The last thing we checked out in the monastery area was the Samadhi Buddha Statue. The statues is believed to be part of a sacred Bodhi tree shrine.
The 7′-3″ Samadhi Buddha Statue was carved out from a dolomite marble. Sculpted in around the 5th century, the statue is considered one of the nation’s finest.
Day 2 (5 of 5).
Since most attractions in Anurādhapura are covered by the one-day Cultural Heritage Ticket, we decided to visit the two obvious exceptions on our first day: Jaya Sri Maha Bodhi, and the rock temple of Isurumuniya Rajamaha Viharaya, and leave the rest covered by the day ticket for the following day. On the east coast of Tissa Wewa, the reservoir built by King Devanampiya Tissa in the 3rd century BC, stands a group of giant granite boulders, where for the past two thousand years had been served as a small Buddhist temple, the Isurumuniya Rajamaha Viharaya. Constructed under the reign of Devanampiya Tissa in the 3rd century BC, the vihara was used as a Buddhist monastery to the house 500 ordained children. Renovations and additions in later centuries continued to transform the temple into its current form, which is consisted of the old rock shrine, the new shrine, the lily pond, and the rock cliff on which visitors can climb atop to check out the stupa and a rock engraved footprints of the Buddha. The temple is famous for its stone carvings, but unfortunately much of the complex, including the small museum, was under renovation during our visit.
From Jaya Sri Maha Bodhi, we followed Google Map and walked towards Isurumuniya Rajamaha Viharaya. On our way, we passed Dakkhina Stupa, a brick stupa constructed in the 2nd century BC.
Unlike the ancient stupas in town, Sandahiru Seya near Isurumuniya Rajamaha Viharaya is in fact a modern construction commissioned by President Rajapaksa in 2010. Once completed, the modern stupa will reach a height of 85m. Slow funding and construction means Sandahiru Seya won’t be completed anytime soon.
Near the entrance of Isurumuniya Rajamaha Viharaya, we passed by the Buddhist monastery Sri Sarananda Maha Pirivena.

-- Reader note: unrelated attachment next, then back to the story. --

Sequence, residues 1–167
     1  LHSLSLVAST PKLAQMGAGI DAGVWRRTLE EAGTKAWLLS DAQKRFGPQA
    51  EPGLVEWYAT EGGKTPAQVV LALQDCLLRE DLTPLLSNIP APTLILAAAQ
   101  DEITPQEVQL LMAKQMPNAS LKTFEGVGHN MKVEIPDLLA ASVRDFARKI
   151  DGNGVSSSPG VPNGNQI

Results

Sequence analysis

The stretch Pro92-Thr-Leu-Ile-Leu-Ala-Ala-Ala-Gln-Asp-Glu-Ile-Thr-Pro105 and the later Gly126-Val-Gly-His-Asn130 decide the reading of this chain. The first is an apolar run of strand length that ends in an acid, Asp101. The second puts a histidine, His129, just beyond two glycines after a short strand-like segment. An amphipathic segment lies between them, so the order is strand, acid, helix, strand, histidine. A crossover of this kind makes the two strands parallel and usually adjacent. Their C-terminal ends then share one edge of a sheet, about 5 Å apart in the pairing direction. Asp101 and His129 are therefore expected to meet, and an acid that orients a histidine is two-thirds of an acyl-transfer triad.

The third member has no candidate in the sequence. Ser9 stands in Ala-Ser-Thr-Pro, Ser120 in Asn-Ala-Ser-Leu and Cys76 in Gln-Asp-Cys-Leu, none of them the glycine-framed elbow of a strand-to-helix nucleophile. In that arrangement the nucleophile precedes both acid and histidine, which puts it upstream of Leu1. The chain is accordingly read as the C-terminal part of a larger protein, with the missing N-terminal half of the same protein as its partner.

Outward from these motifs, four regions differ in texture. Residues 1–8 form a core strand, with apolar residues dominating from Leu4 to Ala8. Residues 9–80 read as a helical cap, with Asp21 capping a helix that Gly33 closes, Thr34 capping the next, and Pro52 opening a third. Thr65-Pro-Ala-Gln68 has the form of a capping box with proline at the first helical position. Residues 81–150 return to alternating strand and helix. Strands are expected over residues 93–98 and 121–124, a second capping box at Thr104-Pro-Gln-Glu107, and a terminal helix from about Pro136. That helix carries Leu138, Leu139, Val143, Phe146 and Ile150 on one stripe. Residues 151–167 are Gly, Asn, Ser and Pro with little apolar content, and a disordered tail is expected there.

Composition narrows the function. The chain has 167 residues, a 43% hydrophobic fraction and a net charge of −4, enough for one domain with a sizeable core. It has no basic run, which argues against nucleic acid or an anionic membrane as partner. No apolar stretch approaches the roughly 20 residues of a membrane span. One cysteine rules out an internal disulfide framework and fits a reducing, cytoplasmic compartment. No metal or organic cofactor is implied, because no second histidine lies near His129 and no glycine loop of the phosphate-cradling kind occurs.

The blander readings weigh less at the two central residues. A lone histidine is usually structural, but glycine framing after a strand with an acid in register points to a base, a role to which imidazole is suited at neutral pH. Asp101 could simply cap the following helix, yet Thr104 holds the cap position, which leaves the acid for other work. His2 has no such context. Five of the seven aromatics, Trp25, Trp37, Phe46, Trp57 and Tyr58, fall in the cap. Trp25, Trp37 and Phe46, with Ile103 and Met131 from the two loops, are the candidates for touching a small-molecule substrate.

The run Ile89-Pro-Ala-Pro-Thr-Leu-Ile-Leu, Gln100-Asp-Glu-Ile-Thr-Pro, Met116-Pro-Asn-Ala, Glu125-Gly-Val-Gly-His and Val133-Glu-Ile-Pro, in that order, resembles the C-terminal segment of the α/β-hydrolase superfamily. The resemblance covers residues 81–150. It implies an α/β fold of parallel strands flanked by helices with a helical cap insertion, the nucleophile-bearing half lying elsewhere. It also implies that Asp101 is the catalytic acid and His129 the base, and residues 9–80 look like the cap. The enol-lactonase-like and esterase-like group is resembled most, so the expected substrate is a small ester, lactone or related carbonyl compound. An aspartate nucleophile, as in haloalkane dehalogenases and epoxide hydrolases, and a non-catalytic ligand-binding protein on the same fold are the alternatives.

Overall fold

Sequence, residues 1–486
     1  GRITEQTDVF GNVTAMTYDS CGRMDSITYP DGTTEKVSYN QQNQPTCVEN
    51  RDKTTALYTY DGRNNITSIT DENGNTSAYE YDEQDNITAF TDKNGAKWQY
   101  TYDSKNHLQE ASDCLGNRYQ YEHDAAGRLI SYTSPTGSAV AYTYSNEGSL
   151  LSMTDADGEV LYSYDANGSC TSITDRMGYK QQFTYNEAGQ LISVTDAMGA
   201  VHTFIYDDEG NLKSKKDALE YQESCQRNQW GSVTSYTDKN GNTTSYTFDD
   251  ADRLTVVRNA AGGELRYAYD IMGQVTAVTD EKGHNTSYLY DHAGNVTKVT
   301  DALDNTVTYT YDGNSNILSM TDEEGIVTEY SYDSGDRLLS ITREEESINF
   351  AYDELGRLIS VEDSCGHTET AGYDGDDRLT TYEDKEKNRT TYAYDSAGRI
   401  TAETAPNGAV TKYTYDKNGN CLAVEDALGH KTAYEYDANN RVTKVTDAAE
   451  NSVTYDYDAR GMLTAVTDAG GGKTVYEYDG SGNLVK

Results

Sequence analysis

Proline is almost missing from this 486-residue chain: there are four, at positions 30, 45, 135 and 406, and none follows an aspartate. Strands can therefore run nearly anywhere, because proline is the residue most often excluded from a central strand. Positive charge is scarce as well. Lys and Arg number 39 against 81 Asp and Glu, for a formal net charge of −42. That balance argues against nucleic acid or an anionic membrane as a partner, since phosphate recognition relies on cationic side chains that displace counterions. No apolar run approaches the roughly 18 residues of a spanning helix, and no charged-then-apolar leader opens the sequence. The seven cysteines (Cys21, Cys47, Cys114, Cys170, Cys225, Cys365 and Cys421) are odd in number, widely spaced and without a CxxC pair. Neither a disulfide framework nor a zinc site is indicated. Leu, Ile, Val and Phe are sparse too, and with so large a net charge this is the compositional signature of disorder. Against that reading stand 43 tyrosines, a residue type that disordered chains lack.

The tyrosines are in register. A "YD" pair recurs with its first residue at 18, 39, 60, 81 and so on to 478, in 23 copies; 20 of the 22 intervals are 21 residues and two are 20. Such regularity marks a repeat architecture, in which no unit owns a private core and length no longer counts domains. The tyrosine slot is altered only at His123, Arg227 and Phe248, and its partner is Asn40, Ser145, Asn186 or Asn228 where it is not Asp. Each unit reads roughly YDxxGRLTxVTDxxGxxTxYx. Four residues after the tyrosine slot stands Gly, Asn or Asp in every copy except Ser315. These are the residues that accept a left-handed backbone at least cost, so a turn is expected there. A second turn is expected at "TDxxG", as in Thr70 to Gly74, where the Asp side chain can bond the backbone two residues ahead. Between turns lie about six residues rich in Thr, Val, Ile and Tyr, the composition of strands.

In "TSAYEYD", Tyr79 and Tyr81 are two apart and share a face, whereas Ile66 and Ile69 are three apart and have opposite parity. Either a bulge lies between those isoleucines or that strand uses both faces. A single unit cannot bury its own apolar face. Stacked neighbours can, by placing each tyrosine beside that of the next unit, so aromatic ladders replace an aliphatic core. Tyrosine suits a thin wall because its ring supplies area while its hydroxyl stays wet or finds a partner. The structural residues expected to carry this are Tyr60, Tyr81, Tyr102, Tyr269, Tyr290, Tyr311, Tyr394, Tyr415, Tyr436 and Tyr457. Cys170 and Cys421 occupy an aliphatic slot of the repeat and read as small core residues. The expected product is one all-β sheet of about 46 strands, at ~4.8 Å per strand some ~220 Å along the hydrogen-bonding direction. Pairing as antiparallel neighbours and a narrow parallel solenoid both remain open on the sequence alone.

Beyond a bridge over a beautiful lotus pond, we arrived at the entrance of Isurumuniya Rajamaha Viharaya.
Lotus ponds are common all over Sri Lanka.
It was almost sunset when we reached the magnificent rock temple. Just like the shrine of Jaya Sri Maha Bodhi, we had to take off our shoes before entering the compound of Isurumuniya Rajamaha Viharaya.
Set in front the backdrop of granite boulders, the Isurumuniya Temple and the adjacent pond are the most prominent features in the complex.
Splendid stone carving of Isurumuniya Rajamaha Viharaya is one of the main reason why foreign visitors come.
The shrine of Isurumuniya Temple contains a Buddhist image behind glass.
Unfortunately the small museum on site was closed for renovation. We left the temple and walked over to the stair at the back side.
Behind the Isurumuniya Temple, a series of steps led us to the top of the granite boulders.
Top top of the boulders is dominated by a stupa and rocks with carvings.
The white stupa is actually a relatively recent addition to the complex.
Late afternoon sun cast a peaceful aura onto the stupa.
At the top, ancient carvings, including a pair of Buddha’s footprints.
What seems to be a designated area of money offerings at the top.
Looking down, we could see the pond and more incoming visitors.
Behind us to the west, the sun sett over the peaceful reservior Tissa Wewa. It was time for us to head back to the hotel for a Sri Lanka supper to conclude the day.